My close friend and colleague David Tyack died October 27. A brief summary of his career can be found here.
A few months ago a group of us gathered together to honor David with a luncheon and present him with nearly 30 letters written by former students and colleagues. David was touched deeply by those letters. Here is the one that I wrote.
February 8, 2016
How to sum up over forty years of knowing and loving you as a dear friend? I cannot do so easily. But I will try.
We began as adviser and advisee although only four years separated us in age when we first met in 1972. You made it possible for me to come to Stanford with Barbara, Sondra, and Janice to study with you for two years and get the Ph.D. that I needed to fulfill my dream of becoming a district superintendent. As we stayed in touch and visited one another while I served in Arlington for seven years, that relationship slowly matured into a friendship.
I returned to Stanford in 1981 to teach and write. Ever since then, we have biked up and down Bay Area mountains and taken long rides to Monterey, Big Sur, and even to San Luis Obispo. From you, I have learned so much about the Bay area in our walks and bike trips. Your love of the outdoors rubbed off on me as you introduced me to places I had never known. Walking up Mt. Tamalpais seeking a lemonade stand so I could take a break; biking over to Gazos Creek, a beach and dunes that you adored. Also, I noted over the years that sweet, humble Dave could be fiercely competitive; I remember you racing up the last 200 yards of Mt. Diablo on your bike to beat those hikers who challenged us as we slowly chugged up the mountain. From all of these outdoor experiences, I came to see, as you did, what a special place we live in.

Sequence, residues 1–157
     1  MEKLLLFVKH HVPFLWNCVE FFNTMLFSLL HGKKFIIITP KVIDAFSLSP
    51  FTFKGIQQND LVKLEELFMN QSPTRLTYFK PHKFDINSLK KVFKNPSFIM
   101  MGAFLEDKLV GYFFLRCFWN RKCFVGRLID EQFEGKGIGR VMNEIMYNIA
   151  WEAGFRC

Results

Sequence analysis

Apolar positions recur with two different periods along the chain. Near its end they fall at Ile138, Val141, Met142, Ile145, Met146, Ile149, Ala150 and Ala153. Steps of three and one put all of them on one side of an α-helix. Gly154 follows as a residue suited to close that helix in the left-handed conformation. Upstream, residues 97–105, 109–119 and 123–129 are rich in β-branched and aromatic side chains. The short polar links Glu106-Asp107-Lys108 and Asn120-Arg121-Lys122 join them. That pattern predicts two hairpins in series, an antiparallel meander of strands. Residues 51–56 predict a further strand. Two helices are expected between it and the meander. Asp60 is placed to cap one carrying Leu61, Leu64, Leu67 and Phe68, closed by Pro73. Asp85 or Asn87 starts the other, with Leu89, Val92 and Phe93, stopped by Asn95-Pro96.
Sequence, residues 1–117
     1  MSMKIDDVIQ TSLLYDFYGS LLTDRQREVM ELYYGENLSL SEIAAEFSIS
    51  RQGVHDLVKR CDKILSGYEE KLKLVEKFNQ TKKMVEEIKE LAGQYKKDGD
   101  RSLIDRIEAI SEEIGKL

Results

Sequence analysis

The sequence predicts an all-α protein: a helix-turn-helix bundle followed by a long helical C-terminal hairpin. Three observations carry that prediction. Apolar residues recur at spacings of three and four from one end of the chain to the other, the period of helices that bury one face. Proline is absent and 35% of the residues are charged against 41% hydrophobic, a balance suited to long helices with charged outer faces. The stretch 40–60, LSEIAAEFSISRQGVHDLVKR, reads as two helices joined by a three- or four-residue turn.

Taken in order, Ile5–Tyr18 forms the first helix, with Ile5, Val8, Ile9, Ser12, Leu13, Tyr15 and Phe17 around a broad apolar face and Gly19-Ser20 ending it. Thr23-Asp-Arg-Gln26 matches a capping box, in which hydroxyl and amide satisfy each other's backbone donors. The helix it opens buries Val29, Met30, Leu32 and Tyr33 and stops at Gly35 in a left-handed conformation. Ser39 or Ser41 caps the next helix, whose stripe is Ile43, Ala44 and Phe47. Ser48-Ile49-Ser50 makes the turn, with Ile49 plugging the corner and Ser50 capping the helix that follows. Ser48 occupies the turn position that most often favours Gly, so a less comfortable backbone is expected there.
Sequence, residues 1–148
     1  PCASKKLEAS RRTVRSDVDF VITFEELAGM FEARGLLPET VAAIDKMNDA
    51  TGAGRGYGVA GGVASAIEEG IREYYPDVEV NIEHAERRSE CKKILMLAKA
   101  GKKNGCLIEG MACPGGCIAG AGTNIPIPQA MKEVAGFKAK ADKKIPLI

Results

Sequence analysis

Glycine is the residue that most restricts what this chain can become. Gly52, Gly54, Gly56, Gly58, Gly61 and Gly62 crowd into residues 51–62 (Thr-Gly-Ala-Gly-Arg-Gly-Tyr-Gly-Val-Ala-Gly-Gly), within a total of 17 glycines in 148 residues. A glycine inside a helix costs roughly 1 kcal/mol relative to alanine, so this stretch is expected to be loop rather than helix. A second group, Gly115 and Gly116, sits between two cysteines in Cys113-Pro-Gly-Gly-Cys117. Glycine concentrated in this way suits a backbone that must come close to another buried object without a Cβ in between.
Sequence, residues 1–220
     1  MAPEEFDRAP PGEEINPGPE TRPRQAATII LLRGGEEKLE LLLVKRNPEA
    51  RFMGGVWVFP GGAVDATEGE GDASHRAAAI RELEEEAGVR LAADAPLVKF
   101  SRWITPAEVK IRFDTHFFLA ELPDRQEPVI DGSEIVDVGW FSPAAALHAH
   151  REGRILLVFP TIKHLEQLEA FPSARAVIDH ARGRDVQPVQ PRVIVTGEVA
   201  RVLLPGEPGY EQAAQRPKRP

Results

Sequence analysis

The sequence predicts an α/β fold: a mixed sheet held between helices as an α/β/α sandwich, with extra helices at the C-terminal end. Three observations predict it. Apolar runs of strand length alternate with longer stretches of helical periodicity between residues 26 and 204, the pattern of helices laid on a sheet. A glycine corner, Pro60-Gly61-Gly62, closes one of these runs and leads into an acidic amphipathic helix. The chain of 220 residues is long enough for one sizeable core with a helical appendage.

Our friendship flourished in-doors as well. We have team-taught a course on the history of school reform. We learned a great deal about teaching and history from one another in teaching twice a week for ten years. And we collaborated in writing Tinkering toward Utopia, a most satisfying experience that I will never forget. Both teaching and writing drew us closer together intellectually and made those weekly bike rides a combination of stretching one’s mind and body.
Moreover, as colleagues I came to see up close how gentle and firm you could be with students. I admired and respected how you shepherded them through their dissertations and orals. Most of all, I treasured the humaneness you expressed and displayed in small and big ways with students, friends, and colleagues year after year.
You are a rare kind of academic, Dave, one whose research, teaching, and advising were wrapped up in smarts, humility and a sensitive thoughtfulness that was (and is) uncommon among those who work in universities. You set a high standard for all of us in how you lived your life, nurtured ideas, and practiced your craft. I am so grateful for having worked closely with you for these many years.
You gave me a gift when you invited me to come to Stanford over four decades ago of not only a second career in academia but also a friendship that I treasure now and will continue to do so for the rest of my life.